During an interview with PEOPLE (the TV Show!), which aired on Thursday, September 17, Harvey talked about the 62-year-old's character and advice he would give to the comedian amid the scandal. "I'm going to say this about it: Ellen DeGeneres, the person that I know, that I've known for a number of years, that I saw back in the comedy club days, when we used to split time with the same management, all of this and what's happening now, Ellen, the person, is probably one of the coolest and kindest people I've met in this business," the Family Feud host said.
Harvey, 63, also stated that in Hollywood "people want to take something and make something out of everything."
He continued, "Ellen has no control over what every staff member does, what every producer does, you can’t control that. You don’t even know some of the stuff that’s happening. Since it’s her name that’s on the show she got to take the hit. Something happens over here, I got to take the hit."
In July, BuzzFeed News published a report in which current and former employees opened up about their experience on the Ellen set, where they detailed allegations of sexual harassment and misconduct, intimidation, racism and much more. WarnerMedia immediately took action and conducted an internal investigation, which concluded in firing three senior executive producers: Ed Gavin, Kevin Leman, and Jonathan Norman.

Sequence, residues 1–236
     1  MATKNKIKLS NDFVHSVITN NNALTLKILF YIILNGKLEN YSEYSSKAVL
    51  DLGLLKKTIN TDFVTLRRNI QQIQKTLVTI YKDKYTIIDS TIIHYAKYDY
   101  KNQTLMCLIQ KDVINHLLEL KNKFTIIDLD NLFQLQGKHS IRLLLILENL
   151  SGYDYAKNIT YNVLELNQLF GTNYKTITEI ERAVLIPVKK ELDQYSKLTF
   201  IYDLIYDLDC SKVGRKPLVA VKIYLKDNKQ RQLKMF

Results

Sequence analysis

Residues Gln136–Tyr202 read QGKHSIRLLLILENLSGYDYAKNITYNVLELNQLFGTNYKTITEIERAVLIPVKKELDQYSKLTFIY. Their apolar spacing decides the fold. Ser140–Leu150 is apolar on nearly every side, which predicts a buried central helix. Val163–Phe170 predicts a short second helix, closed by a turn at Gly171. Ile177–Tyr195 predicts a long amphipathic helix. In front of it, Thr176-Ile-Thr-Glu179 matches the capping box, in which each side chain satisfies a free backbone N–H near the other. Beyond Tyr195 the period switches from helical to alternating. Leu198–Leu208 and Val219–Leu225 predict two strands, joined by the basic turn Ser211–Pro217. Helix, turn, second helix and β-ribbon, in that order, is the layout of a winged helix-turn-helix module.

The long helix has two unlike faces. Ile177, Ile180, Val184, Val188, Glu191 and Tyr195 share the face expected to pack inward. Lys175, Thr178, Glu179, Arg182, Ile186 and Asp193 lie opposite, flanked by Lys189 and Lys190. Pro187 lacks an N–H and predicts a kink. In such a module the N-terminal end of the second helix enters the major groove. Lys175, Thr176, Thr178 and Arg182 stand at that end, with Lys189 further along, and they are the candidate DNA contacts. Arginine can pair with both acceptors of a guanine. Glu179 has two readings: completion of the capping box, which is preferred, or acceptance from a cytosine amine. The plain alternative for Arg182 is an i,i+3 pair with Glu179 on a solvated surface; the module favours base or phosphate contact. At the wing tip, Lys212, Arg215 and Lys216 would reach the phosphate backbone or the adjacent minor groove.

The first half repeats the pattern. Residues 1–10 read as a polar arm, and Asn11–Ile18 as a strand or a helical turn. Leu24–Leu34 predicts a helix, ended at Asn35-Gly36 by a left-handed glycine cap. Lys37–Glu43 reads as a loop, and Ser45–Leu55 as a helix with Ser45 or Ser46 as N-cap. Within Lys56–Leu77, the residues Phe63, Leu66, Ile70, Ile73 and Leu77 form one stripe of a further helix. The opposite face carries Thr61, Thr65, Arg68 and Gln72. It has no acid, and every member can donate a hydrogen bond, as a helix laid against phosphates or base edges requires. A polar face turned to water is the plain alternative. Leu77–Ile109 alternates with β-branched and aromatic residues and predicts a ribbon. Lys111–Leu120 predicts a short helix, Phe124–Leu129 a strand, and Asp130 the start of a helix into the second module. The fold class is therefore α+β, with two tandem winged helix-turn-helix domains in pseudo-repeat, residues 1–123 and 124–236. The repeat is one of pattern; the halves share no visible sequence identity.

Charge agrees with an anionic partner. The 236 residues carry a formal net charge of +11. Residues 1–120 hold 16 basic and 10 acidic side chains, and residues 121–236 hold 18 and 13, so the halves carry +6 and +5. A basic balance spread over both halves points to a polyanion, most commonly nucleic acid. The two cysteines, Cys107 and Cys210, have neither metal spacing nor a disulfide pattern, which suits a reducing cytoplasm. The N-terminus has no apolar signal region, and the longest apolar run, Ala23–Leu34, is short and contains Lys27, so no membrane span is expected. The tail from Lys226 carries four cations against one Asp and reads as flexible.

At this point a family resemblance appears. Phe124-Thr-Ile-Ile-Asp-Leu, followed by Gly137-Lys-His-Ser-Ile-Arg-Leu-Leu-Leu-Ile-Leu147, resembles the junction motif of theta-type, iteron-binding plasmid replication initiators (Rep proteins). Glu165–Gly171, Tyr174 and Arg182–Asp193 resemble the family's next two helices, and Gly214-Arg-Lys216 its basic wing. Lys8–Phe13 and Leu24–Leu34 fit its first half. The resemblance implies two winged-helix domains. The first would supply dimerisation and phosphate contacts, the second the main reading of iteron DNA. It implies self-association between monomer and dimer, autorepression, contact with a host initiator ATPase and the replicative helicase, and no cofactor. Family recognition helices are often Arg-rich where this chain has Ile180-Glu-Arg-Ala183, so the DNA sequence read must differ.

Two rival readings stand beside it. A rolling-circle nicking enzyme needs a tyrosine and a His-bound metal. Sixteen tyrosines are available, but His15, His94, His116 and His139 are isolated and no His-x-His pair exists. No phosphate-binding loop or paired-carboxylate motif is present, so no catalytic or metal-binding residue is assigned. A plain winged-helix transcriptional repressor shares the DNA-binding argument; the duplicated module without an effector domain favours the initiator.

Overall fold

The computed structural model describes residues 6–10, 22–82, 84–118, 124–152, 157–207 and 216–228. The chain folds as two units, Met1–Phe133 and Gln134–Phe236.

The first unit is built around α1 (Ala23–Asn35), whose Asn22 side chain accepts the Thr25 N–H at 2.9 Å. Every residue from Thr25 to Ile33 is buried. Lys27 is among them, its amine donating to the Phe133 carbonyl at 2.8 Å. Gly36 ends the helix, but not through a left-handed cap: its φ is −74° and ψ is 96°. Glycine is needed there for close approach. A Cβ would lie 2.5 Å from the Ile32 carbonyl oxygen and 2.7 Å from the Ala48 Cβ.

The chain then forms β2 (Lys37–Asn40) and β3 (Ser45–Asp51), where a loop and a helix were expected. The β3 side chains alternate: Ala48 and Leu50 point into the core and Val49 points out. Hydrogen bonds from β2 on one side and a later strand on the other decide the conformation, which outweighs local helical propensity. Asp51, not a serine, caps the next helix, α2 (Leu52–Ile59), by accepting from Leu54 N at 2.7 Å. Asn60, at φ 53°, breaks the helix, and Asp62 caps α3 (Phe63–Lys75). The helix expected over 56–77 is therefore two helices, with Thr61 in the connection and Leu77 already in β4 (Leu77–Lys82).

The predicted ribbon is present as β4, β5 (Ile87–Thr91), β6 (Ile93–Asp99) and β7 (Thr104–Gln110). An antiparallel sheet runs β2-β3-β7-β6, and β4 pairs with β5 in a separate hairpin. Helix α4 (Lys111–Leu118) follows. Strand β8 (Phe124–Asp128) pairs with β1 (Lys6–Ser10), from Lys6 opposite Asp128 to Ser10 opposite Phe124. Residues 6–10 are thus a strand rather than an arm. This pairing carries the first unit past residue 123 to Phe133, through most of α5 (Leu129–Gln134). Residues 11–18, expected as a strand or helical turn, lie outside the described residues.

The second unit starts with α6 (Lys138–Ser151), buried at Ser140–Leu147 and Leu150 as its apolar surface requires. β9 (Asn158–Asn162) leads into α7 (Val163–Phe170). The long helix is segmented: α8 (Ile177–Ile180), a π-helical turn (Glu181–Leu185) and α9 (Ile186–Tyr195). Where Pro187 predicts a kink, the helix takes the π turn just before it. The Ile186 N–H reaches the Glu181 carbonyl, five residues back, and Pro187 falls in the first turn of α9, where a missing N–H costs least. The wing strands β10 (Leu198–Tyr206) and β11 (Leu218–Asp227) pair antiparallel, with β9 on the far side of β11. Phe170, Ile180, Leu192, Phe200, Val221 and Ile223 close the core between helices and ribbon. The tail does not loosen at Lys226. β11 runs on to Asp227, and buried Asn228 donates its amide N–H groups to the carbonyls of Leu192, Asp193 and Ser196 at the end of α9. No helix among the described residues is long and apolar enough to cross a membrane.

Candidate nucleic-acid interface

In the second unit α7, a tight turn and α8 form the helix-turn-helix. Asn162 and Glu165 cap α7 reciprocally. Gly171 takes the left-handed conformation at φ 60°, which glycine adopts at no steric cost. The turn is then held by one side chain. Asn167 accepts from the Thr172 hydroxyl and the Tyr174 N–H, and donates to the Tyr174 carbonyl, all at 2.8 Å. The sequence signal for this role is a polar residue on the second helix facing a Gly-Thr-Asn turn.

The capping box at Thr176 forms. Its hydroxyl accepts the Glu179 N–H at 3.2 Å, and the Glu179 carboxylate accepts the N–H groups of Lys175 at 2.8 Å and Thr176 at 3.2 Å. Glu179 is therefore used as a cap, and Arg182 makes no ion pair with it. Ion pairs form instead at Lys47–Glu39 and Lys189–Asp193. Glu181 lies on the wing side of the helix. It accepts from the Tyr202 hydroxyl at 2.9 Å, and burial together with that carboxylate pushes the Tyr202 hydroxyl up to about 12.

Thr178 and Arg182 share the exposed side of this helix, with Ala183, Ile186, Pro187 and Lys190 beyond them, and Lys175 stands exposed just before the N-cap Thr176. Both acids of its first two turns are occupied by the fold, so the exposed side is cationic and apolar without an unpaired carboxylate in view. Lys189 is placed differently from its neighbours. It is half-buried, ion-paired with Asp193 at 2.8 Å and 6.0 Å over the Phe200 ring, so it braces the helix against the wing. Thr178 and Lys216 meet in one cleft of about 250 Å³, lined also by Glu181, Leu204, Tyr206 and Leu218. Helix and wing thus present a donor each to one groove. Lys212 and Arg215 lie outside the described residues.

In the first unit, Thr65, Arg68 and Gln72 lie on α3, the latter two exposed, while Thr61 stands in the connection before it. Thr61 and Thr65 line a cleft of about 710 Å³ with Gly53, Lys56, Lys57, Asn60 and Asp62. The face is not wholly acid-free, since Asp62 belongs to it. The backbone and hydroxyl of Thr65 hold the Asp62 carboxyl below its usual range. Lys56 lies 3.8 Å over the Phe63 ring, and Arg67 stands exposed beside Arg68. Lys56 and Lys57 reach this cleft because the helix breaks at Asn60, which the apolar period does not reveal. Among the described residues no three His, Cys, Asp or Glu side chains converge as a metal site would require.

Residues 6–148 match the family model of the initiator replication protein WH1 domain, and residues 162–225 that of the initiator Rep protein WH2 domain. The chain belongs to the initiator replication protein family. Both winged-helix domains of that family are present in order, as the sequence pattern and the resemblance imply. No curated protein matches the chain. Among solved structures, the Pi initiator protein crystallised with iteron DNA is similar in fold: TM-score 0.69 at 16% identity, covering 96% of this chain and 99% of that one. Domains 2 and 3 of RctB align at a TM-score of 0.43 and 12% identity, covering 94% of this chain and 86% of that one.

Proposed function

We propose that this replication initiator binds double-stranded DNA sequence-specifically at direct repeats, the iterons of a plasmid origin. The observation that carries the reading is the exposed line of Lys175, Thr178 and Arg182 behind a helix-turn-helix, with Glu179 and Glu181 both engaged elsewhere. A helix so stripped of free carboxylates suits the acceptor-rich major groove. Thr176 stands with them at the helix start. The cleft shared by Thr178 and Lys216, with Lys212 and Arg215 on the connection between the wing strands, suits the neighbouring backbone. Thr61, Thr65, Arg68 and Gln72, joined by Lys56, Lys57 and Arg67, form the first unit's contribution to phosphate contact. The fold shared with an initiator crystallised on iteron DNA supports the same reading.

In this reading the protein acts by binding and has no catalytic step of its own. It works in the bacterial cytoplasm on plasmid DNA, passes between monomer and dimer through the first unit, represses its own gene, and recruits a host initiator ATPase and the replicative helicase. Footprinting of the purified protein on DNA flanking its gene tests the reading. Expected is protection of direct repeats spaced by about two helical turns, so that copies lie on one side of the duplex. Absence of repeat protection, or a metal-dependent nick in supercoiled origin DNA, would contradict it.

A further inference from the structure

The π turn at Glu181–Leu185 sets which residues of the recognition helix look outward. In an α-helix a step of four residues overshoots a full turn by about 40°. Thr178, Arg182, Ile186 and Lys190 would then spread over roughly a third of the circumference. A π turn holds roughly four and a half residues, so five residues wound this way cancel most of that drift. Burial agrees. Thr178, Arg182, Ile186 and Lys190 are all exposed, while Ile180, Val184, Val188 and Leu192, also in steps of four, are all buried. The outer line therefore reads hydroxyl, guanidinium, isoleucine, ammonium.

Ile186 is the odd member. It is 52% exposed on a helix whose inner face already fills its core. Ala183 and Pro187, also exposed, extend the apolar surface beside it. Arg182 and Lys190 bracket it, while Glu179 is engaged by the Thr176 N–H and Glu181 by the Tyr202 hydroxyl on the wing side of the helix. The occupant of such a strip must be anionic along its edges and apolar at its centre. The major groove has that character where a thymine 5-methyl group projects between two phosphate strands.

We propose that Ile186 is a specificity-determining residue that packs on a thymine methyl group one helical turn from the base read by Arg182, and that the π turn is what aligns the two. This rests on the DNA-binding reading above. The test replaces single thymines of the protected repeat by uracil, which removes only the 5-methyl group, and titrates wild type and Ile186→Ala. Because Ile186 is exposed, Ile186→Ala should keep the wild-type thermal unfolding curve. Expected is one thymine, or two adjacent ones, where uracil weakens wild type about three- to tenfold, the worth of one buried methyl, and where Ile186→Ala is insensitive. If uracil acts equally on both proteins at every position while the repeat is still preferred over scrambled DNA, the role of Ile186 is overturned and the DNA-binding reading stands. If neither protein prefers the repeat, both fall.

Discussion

Having known the Finding Dory star for years, Harvey said he believes DeGeneres has good intentions. "I know racism. If I have a conversation with you, I know if you got racist tendency somewhere in you, because it radiates," he explained. "I can feel it. I’ve been around a long time, man. That’s not Ellen DeGeneres. That’s just not her, period. You make it like that if you want to. But if you try to make it that way, it’s because you don’t know her. I know her. And that’s the feeling I have."
Harvey said he has been in touch with DeGeneres since the scandal broke, and he's tried to lift her spirits during this tough time. "I've told her, keep your head up. We've texted each other. But my first advice was Ellen got enough money to walk away," he said. "But, we’re in the cancel culture right now, man, everybody want to see everybody fall down, man. What happened, man?"
"People used to cheer for people," he added. "Now, it’s so important to ruin everybody’s career. Get rid of somebody. You know, that’s not how it works, but, it is what it is, man. But I think Ellen's going to be absolutely fine myself. I really do."
In response, to the toxic workplace allegations, DeGeneres sent a memo to her staff, acknowledging the ongoing controversy and apologized for her actions. "On day one of our show, I told everyone in our first meeting that The Ellen DeGeneres Show would be a place of happiness — no one would ever raise their voice, and everyone would be treated with respect," she wrote.
After old videos resurfaced of the talk show host humiliating her staffers, she held an emotional video conference, where she admitted she's not perfect. "I’m a multi-layered person, and I try to be the best person I can be and I try to learn from my mistakes," she explained. "I’m hearing that some people felt that I wasn’t kind or too short with them, or too impatient. I apologize to anybody if I’ve hurt your feelings in any way."
Along with an apology, the writer tried to compensate her staffers by offering more benefits, which included increased paid time off.
After more controversial allegations came out of DeGeneres being rude to household staffers, she announced her show's return on September 21. DeGeneres promised to "talk about" what's been happening in her life.